On Saturday 24 June, 1899, the local paper, the Daily Times, noted:
Golfing in the Masterton District will open at Lansdowne this afternoon.

Early Days

Even before this now-accepted genesis there was golf played at Lansdowne: beginning in 1897, between six and eight women played golf on the land that was to become the Lansdowne golf course. In those days it was just farmland; having only the services of four-legged mowers — sheep — it is hard to imagine what the state of the “greens” were back then!

Just getting to the course was an expedition: there was no suburb of Lansdowne; there were no roads; and Masterton was confined to south of the Waipoua River, which would have meant a journey of two to three kilometres uphill over pure countryside. It was no wonder the match starting time was set to be two o’clock in the afternoon.

From those rough beginnings, golf rapidly became more popular. In 1903 the membership was known to be 24 men and 8 or 9 women; by 1904 that had almost tripled to 52 men and 30 women. In 1906, the role only slightly increased for the men, but women’s golf continued to surge: 59 men and 55 women.

Handicaps in those days were calculated locally — there was no national handicapping system — and men’s handicaps ranged from scratch to 30. As the par (or bogey, as it was known then) of the course was 79, scratch is roughly equivalent to a handicap of 10 in today’s parlance.

Early members of the golf club indulge in some morning tea

The Course

The course, such as it was, was a nine hole one on about 32 acres of land and was endured by the enthusiastic golfers for almost twenty years. In 1916 there began a seven-year quest to purchase more land with a view to having a fully-fledged 18 hole course. Finally, in 1923, the club was able to boast of 97 acres — the current size of the course (not counting the extra 25 acres to the north of the existing course earmarked for future development).

Building 18 holes, however, continued to be an ongoing irritant: it seems that conflict and personal differences meant coming up with an agreed plan was a long time coming.

In the end, Wellington golf professional Arthur Ham produced a plan for £25, a tidy sum in those days, probably in the region of $1–5,000 in today’s money. The course measured 5550m and kept the par/bogey of 79.

As ongoing technology in both playing and greens-keeping equipment advanced, so the course underwent changes. In the 1930s, the men’s par was dropped to 75. In 1951 it continued its downward slide to 73; 72 was the value from 1966; and the current value of 71 has been in existence since 2002.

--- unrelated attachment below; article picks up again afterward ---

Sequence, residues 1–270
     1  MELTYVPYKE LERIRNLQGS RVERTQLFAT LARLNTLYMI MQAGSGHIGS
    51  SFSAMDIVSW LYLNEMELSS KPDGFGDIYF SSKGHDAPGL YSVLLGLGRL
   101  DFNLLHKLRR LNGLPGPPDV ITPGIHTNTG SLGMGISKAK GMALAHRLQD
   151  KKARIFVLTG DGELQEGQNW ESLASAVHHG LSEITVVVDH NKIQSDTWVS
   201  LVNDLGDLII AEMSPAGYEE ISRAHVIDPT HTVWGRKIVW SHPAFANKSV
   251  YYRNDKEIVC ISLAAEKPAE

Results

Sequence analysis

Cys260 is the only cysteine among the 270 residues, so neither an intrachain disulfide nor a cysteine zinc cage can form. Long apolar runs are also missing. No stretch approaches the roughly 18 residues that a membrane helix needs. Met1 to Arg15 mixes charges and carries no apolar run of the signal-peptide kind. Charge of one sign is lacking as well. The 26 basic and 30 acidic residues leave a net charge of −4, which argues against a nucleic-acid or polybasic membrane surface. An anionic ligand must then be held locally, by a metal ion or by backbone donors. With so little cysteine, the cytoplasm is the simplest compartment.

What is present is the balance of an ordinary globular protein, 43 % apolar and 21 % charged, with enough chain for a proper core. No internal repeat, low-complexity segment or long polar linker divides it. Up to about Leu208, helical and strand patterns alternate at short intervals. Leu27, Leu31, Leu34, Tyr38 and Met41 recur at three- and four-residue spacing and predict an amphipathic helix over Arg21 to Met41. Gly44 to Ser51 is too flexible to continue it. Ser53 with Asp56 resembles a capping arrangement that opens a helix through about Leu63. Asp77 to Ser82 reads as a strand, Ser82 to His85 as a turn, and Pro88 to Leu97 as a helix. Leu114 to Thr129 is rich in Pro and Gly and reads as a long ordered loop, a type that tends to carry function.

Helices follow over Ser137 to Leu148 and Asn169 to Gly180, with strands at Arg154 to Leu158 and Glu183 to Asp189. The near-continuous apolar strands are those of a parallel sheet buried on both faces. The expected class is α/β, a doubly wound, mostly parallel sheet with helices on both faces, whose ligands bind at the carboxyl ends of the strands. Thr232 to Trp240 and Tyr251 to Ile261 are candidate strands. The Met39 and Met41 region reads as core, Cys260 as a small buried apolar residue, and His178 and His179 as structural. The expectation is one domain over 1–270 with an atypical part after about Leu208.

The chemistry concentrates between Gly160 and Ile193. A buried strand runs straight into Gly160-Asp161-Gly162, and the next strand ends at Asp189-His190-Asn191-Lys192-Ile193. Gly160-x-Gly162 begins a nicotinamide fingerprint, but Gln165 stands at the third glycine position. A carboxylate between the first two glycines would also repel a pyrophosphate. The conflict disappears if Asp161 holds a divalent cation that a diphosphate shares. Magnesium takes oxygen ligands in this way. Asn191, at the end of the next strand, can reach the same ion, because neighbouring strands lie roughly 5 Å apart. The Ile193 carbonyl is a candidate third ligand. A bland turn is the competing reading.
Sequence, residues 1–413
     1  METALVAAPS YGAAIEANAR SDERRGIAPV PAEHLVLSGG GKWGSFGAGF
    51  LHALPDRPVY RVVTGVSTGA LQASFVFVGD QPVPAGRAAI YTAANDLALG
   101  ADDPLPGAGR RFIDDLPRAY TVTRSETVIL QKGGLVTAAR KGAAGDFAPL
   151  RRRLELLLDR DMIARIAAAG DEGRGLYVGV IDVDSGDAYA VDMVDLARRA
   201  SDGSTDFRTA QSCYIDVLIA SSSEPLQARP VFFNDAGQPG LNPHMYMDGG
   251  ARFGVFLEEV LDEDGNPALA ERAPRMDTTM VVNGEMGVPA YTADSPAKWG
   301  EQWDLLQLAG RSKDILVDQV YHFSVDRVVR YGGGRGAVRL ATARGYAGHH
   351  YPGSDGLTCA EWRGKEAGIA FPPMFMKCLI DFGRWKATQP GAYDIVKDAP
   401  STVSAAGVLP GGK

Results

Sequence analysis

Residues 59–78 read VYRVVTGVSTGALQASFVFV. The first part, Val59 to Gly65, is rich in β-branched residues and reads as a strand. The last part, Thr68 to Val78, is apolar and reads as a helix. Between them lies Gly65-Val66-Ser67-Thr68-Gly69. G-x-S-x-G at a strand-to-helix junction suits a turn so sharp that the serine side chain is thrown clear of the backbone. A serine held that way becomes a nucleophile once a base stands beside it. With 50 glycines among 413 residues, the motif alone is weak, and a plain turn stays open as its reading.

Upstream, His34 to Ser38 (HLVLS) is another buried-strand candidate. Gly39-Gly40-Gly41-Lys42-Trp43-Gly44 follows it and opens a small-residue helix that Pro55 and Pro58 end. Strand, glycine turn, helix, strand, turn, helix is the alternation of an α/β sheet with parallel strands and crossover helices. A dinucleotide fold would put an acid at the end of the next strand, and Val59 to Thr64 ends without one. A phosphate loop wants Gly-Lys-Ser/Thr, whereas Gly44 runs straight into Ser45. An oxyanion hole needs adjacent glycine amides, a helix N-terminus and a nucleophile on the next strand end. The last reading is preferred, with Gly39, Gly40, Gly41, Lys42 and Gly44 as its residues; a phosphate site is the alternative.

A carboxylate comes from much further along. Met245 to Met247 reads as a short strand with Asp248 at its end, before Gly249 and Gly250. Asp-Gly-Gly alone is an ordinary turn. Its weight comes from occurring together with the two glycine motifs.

The Clubhouse as it appeared in the early days

The Golfers

The first of these notables was Eileen Williams, probably better known (by the archaic notion of using her husband’s name) as Mrs Guy Williams. Williams was prominent from the 1910s onwards.

At the same time as Williams was tredding the fairways, a player noted as the finest iron player of his day, TH “Bill” Horton, joined Masterton. During the 1920s and 30s he held a monopoly on the club’s championships, winning ten in a row. He also showed his class on the national scene, winning representative honours for New Zealand.

Horton’s dominance at Masterton only came to an end in the mid-30s with the arrival of another great player, ADS Duncan. Duncan, who, by the time he arrive in Masterton, was past his best, still proved to be a formidable opponent.

Coming on the heals of Horton was John Hornabrook, a player who caught the eye of the great Gene Sarazen. Sarazen, out in New Zealand on an exhibition tour, invited Hornabrook back to the US. In what was probably one of life’s greatest “what ifs”, Hornabrook was unable to raise the $US2,000 (a vast sum in those days, equivalent to at least $US50,000 today!) to make the trip.

Hornabrook inspired many who followed, including Guy Horne, who was only a couple of years younger than Hornabrook. Horne won the New Zealand Amateur Championship in 1946, and represented New Zealand against Australia in 1947 and 1952. Geoff Falloon also no doubt came under the dual spell of Horton and Hornabrook. The Second World War and service overseas meant that Falloon lost a number of his best years to King and Country, but he made an impression as a player, and probably more so as an inspirational administrator: in the late 1960s he was appointed Manager of the New Zealand team that played Australia for the Sloan Morpeth Trophy in Melbourne.

As good as all of these golfers were, however, overshadowing all who have come before him and since is Sir Bob Charles. For many, many years the only left-hander to win a Major Championship — the 1963 British Open — Charles has been Masterton’s, and New Zealand’s, foremost golfing ambassador for the best part of five decades.

Mrs Guy Williams
TH “Bill” Horton
John Hornabrook
Sir Bob Charles
Further Reading

All of the information given here has been gathered from two excellent histories of the Masterton Golf Club: Norman Cameron’s “Seventy Five Years of Golf: 1899–1975″ and Jim Wallace’s “The Course on the Hill: 100 Years at the Masterton Golf Club”.